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This is part 1 of a 2-article series. It focuses on understanding the causes of refeeding syndrome. Part 2 focuses on prevention and treatment.

Refeeding syndrome refers to metabolic abnormalities that can be a devastating and often fatal consequence of rapid reintroduction of nutrition after a period of starvation or malnutrition. Refeeding syndrome is most often associated with animals who have been without food and water for an extended period of time, either due to cruelty/neglect, natural disasters, being trapped or lost or experiencing the disappearance or death of their mother.

Kittens may be underweight or emaciated for many reasons, including lack of nutrition from the queen, chronic diarrhea, flea infestation, etc. It’s important to understand why assisting a kitten who has been potentially starved for an extended period of time is different than helping a kitten who is experiencing hypothermia (low body temperature), hypoglycemia (low blood sugar) or dehydration (an excessive loss of water and electrolytes).

When the body doesn’t receive the energy required to perform its basic needs, its metabolism, the chemical reactions in the body’s cells that change food into energy, slows down. This can affect the heart, kidneys, immune system, red blood cells, digestion and other bodily functions. A decreased metabolism for a short period of time is unlikely to cause organ failure, but organ failure can occur during an extended period of starvation.

Kittens at risk of refeeding syndrome include those who:

  • have a body condition score of < 3.5/9 and an unknown dietary history
  • haven’t eaten for > 5-10 days regardless of body condition score
  • have lost > 10% body weight over < 2 months

During starvation, an electrolyte imbalance can occur. An electrolyte imbalance is when electrolytes, which are electrically charged minerals and compounds that regulate many key body functions, are no longer balanced between the body’s cells and the bloodstream.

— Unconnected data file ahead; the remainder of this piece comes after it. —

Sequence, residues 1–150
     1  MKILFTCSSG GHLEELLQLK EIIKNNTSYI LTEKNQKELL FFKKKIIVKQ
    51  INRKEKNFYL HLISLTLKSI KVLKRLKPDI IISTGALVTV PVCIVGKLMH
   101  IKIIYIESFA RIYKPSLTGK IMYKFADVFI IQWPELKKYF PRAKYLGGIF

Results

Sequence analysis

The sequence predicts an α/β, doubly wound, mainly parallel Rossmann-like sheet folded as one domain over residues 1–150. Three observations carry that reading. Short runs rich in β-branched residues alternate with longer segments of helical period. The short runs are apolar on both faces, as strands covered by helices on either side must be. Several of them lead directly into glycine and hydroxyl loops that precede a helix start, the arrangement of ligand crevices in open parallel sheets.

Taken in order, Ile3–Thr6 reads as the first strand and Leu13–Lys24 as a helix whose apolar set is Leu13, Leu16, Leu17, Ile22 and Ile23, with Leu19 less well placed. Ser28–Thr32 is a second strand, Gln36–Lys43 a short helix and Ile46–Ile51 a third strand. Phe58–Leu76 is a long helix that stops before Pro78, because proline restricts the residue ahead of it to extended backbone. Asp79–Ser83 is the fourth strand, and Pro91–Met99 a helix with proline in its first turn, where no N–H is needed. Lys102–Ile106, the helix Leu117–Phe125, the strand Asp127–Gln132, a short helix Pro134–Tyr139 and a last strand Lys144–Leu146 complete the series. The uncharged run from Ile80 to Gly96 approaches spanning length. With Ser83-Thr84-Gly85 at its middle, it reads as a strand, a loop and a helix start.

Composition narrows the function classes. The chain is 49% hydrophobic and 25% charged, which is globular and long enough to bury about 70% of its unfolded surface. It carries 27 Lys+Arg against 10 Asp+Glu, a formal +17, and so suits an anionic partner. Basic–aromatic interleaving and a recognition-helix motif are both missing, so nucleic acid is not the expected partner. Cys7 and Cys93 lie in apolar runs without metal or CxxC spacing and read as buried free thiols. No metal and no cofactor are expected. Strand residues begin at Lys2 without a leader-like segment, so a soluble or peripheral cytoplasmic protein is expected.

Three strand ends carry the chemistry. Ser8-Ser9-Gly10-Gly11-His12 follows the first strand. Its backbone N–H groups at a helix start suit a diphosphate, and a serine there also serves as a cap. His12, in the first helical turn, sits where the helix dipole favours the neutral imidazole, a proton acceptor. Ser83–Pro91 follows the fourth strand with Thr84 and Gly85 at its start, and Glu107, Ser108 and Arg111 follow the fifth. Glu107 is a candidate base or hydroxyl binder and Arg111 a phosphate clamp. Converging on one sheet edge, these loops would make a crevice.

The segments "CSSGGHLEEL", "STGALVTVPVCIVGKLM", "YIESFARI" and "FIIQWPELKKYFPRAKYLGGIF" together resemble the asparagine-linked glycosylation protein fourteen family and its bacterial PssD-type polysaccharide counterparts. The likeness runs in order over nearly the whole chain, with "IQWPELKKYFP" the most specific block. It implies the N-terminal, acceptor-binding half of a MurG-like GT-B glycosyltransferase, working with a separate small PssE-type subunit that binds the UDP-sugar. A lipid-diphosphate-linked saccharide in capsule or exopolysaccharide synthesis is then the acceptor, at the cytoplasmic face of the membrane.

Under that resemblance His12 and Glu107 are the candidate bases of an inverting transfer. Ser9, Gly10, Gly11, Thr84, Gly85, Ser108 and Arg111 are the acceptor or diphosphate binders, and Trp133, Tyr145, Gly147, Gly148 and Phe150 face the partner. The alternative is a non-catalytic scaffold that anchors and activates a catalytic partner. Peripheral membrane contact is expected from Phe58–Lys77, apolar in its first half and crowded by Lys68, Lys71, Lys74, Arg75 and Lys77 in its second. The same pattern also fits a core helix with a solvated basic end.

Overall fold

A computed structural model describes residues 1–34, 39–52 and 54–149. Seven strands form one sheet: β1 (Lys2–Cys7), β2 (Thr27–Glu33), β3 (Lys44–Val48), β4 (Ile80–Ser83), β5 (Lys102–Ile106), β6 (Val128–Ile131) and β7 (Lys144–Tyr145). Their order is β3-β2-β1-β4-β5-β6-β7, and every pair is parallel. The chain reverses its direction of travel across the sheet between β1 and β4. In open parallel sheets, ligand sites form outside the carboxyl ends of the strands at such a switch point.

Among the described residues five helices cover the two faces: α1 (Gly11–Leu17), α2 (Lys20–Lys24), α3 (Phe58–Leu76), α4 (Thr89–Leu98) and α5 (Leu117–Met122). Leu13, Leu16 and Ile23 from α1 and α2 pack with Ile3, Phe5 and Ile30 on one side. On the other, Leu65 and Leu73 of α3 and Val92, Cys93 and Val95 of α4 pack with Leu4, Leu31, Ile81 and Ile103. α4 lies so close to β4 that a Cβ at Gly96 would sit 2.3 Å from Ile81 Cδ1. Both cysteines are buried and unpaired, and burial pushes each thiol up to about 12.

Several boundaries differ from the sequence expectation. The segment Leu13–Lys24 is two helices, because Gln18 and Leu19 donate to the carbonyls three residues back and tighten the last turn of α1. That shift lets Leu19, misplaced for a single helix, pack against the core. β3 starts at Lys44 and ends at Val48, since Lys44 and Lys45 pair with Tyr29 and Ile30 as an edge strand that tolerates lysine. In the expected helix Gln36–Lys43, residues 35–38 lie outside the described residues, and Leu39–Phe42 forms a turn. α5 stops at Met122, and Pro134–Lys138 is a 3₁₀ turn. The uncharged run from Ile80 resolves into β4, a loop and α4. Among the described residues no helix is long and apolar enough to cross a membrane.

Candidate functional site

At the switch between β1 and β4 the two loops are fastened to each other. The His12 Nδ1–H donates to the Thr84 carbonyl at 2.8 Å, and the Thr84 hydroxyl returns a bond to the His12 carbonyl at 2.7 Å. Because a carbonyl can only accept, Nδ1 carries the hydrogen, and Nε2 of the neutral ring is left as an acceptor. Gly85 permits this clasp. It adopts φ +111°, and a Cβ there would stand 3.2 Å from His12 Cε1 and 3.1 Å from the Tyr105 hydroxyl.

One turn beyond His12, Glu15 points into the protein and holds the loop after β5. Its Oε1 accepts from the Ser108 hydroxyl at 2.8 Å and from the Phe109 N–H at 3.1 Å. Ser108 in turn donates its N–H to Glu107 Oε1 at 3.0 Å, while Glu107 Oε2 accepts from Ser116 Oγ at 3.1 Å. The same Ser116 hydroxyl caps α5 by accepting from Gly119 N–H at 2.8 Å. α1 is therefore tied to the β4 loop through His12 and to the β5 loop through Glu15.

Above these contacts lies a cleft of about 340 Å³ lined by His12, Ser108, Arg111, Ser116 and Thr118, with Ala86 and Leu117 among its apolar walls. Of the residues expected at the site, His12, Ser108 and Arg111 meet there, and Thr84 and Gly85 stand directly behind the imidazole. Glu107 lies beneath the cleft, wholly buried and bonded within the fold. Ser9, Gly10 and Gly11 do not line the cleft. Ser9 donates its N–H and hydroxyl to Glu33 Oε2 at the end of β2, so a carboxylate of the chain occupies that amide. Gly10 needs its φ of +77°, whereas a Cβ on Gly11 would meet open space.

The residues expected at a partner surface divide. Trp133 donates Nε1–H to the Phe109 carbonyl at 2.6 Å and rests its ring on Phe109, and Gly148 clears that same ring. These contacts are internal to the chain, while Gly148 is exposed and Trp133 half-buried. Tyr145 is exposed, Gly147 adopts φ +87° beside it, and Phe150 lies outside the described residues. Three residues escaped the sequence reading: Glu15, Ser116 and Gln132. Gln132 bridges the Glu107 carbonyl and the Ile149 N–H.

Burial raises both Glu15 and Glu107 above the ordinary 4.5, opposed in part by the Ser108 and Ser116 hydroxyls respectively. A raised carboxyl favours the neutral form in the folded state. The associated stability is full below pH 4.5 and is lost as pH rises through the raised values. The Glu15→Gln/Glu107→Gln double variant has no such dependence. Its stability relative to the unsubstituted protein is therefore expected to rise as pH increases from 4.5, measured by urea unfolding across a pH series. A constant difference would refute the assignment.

When a starved kitten is fed too much milk replacer formula or food at one time or formula or food that’s too concentrated, the body rapidly releases a large amount of insulin in response. This can lead to reduced sodium and water excretion, and fluid overload can occur due to the compromised function of both the heart and kidneys. Fluid overload can lead to heart failure.

Upon refeeding, the increased intracellular requirements related to energy metabolism, as well as the sudden release of insulin, cause electrolytes, particularly phosphorus, potassium and magnesium, to leave the bloodstream and quickly reenter the cells. This can lead to a dangerous drop in their blood levels, typically seen within 24-72 hours of feeding, and can have devastating consequences.

Symptoms of refeeding syndrome can include:

  • Anorexia and weight loss
  • Lethargy and weakness
  • Anemia
  • Increased heart and respiratory rate
  • Bounding (very strong and forceful) pulses
  • Nausea/Vomiting
  • Diarrhea
  • Restlessness
  • Red-colored urine
  • Seizures/Coma
  • Death

Refeeding syndrome usually occurs within the first 3-7 days depending on how long the kitten has been deprived of adequate nutrition, which varies from a day to weeks depending on the kitten’s age and weight. However, It’s difficult to say how often refeeding syndrome actually occurs in young kittens because many often die before veterinary intervention can occur and diagnostics can be performed.

Once hypothermia, hypoglycemia and dehydration have been addressed, a starved kitten or any kitten with an unknown history should be fed milk replacement formula or food in smaller, diluted and more frequent meals until the kitten can tolerate full concentration of food or formula. The goal is to get kittens to eat on their own and gain weight every day.

In part 2 of this series, we’ll discuss working with a veterinary professional to set up a feeding plan to prevent or treat refeeding syndrome.


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